A bill allowing students already proficient in a second language to take a coding class instead of a foreign language class has now passed both House and Senate chambers.
In 2017, fewer that 5,000 Virginia high school students completed AP Computer Science exams – and Hispanic students completed only around 300 of those exams.
Democratic Delegate Jennifer Carroll Foy’s bill would allow students proficient in a second language like Spanish to opt out of a required foreign language credit – in favor of coding.
“So, we know how important computational thinking and coding is. It’s one of the classes that a student can take, graduate from school and actually enter a job paying about $20/hour. And that’s something we want. We want our students to be able to enter the workforce, because not every child doesn’t want to go to college.”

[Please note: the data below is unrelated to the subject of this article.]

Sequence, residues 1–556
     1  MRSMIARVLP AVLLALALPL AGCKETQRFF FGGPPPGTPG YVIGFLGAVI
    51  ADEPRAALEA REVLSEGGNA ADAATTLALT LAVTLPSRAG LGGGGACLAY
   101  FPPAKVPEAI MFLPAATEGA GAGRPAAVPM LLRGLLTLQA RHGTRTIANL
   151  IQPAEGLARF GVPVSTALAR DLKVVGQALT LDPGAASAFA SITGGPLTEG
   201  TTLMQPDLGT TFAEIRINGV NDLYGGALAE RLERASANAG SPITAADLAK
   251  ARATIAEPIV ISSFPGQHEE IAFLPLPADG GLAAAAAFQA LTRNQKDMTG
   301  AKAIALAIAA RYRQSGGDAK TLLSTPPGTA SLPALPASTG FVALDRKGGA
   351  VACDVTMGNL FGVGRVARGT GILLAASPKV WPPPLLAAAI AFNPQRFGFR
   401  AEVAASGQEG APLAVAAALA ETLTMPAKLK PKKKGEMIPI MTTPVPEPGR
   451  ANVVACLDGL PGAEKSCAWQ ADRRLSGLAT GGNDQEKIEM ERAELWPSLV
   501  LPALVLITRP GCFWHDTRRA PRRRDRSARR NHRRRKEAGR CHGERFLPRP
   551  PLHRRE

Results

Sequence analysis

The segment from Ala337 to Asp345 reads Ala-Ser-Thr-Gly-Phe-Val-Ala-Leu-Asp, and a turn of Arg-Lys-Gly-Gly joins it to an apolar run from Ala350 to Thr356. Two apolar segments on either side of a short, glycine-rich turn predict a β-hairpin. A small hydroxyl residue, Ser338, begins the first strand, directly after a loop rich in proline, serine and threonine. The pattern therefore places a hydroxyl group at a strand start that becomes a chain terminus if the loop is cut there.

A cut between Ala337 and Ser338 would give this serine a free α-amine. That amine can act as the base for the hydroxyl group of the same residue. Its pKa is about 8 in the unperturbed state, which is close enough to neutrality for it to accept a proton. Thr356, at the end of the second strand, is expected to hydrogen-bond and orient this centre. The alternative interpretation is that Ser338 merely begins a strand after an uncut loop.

Carroll Foy’s bill isn’t the General Assembly’s only initiative to incentivize tech-related careers.
The House budget currently includes over $40 million in funding to increase the number of graduates with degrees in data science and engineering by 6% over the biennium.
That’s critical for a state with over 35,000 open computing jobs – and only a fraction of graduates to fill the roles.